Apple’s long-awaited headset has arrived with unrivalled hardware and an unrivalled price. But the Vision Pro aims to do more than wow. Clovis McEvoy analyses the tech, the experience, and what else is needed to create a computing revolution.
First came personal computing, then mobile computing, and now, the company which dominated the latter era hopes to pioneer the next: spatial computing. After seven long years of rumours, and a reportedly contentious development process, Apple’s Vision Pro headset finally made its debut at the company’s annual developer conference on Monday.
It would take months to unpack everything announced during the 50-minute introduction for the Vision Pro, but one thing is clear — mixed, or augmented,reality never looked so good. Sporting a single piece of laminated glass curved into an aluminium frame, the headset has a striking design, though it is most set apart by what lies under the hood.
Offering an unparalleled viewing experience, each eye gets a video feed with more pixels than a 4K TV and what the company calls a “wrap around” field of view, powered partly by a custom-designed computer chip and an admittedly-ungainly external battery pack. Tech journalist after tech journalist after tech journalist walked away stunned by Apple's latest technical and experiential marvel.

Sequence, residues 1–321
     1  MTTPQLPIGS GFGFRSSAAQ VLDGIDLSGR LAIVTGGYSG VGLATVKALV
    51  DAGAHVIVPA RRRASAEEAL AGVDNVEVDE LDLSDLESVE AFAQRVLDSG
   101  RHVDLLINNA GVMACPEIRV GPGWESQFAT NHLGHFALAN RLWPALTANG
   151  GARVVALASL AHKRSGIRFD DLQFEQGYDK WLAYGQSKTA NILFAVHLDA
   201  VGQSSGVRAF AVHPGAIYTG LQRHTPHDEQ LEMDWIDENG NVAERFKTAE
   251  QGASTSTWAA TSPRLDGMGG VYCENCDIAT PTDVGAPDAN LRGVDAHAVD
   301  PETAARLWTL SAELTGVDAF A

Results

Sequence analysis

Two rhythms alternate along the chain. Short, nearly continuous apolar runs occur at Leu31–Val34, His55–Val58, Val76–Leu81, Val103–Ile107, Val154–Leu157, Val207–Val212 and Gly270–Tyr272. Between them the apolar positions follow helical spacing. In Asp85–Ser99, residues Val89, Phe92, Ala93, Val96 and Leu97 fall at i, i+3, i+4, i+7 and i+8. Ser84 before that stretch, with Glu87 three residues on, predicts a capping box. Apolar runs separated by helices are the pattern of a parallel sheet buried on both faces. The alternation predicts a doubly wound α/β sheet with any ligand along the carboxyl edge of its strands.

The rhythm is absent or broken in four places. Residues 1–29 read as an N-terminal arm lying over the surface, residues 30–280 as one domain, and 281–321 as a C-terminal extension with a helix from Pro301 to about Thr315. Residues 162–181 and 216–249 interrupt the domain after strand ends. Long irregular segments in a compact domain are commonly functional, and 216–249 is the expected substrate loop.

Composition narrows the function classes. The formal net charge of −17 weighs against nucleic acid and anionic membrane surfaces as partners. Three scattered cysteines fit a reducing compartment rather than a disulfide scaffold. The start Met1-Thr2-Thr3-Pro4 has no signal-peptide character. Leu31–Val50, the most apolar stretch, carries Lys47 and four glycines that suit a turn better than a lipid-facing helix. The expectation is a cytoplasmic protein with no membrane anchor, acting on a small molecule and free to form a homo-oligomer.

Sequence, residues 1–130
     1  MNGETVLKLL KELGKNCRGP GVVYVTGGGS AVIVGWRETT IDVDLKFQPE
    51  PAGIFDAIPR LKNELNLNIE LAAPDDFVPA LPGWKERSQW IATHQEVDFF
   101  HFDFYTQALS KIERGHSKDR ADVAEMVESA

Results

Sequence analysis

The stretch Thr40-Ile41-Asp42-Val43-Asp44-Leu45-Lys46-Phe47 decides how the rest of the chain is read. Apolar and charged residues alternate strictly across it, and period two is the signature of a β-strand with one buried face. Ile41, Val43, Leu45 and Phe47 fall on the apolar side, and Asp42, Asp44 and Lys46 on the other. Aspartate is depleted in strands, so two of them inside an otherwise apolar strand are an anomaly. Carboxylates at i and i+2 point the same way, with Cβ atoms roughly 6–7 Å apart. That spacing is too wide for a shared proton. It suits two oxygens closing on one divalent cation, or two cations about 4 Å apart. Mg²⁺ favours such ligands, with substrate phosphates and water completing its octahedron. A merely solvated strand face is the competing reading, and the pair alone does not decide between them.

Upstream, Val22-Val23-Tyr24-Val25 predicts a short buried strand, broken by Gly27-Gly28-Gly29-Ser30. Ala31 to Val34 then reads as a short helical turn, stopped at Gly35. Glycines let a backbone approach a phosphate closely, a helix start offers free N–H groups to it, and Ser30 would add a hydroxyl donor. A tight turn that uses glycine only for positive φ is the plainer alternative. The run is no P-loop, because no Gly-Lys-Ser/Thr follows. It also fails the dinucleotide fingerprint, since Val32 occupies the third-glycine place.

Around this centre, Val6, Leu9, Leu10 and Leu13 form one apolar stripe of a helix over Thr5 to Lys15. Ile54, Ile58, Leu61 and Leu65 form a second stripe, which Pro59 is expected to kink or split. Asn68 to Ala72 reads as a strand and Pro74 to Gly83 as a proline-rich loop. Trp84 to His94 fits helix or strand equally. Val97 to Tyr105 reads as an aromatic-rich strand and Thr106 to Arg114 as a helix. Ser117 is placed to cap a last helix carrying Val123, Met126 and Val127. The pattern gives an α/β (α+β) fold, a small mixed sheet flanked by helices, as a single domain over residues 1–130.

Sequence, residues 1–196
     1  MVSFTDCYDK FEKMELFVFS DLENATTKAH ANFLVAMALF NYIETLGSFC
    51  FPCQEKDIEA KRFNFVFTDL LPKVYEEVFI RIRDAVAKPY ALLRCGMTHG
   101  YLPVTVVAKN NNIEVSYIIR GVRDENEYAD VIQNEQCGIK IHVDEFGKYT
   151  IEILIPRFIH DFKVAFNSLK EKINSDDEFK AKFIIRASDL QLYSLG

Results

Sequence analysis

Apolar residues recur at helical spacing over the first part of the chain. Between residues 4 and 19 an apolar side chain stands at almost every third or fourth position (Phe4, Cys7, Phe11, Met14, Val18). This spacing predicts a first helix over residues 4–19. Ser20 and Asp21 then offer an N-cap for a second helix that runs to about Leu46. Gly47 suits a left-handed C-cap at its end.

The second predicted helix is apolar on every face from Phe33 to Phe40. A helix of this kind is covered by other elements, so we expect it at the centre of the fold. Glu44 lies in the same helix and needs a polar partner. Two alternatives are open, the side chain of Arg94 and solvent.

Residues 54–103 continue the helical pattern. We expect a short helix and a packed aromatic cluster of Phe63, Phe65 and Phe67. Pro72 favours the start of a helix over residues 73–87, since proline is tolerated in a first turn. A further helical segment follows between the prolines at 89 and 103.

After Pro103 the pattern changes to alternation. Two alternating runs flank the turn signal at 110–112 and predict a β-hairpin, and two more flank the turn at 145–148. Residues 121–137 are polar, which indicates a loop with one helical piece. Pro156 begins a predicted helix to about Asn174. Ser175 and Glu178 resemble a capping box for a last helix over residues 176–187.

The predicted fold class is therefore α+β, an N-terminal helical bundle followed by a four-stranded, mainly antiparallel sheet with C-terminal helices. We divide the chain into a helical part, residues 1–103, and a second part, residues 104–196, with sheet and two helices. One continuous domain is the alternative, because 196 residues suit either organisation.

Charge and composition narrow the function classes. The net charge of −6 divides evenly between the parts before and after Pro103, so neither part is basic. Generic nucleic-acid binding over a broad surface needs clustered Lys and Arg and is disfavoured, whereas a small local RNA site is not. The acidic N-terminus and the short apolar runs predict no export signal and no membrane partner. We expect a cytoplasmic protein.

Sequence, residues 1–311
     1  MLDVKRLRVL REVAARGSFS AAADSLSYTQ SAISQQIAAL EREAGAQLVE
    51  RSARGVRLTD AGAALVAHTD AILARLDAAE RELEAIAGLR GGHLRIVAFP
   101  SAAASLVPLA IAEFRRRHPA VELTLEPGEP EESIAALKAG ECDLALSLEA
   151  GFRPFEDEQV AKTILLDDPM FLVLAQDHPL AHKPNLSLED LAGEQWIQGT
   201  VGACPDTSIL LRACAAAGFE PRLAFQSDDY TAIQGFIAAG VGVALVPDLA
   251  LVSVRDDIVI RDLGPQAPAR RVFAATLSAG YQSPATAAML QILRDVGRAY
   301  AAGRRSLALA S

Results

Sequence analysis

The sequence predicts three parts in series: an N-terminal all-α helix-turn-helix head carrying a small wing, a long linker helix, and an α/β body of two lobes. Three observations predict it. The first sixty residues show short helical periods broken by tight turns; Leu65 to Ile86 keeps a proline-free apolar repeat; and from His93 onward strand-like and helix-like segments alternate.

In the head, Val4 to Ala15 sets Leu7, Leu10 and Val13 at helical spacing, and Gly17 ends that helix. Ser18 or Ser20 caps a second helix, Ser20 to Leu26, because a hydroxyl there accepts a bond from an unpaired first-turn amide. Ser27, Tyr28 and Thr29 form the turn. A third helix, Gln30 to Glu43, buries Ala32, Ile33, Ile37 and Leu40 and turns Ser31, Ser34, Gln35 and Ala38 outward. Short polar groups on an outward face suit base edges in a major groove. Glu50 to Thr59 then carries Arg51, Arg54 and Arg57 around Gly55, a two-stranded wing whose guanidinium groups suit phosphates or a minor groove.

With a $3,499 price tag (£2,800), top-notch hardware is to be expected. More interesting than the specs is the vision for a truly ‘mixed’ reality experience, underpinned by Apple’s brand new operating system, visionOS, which the Cupertino company says is designed from the ground up for spatial computing.
It’s an indicator of how Apple hopes to make the hardware category a defining feature of its product ecosystem. When the device starts shipping in 2024 (initially only in the US), it will come with usability features and experiences built around your eyes, hands, and voice. You can look at a search field and talk to begin entering text, for example, or use your hands to swipe from one window to another.
A core feature of the Vision Pro is how the device uses data to anticipate and delight users far more extensively than any other computing platform. “AI models [in the headset] are trying to predict if you are feeling curious, paying attention, remembering a past experience, or some other cognitive state,” tweeted Sterling Crispin, a former Apple researcher who worked on the Vision Pro.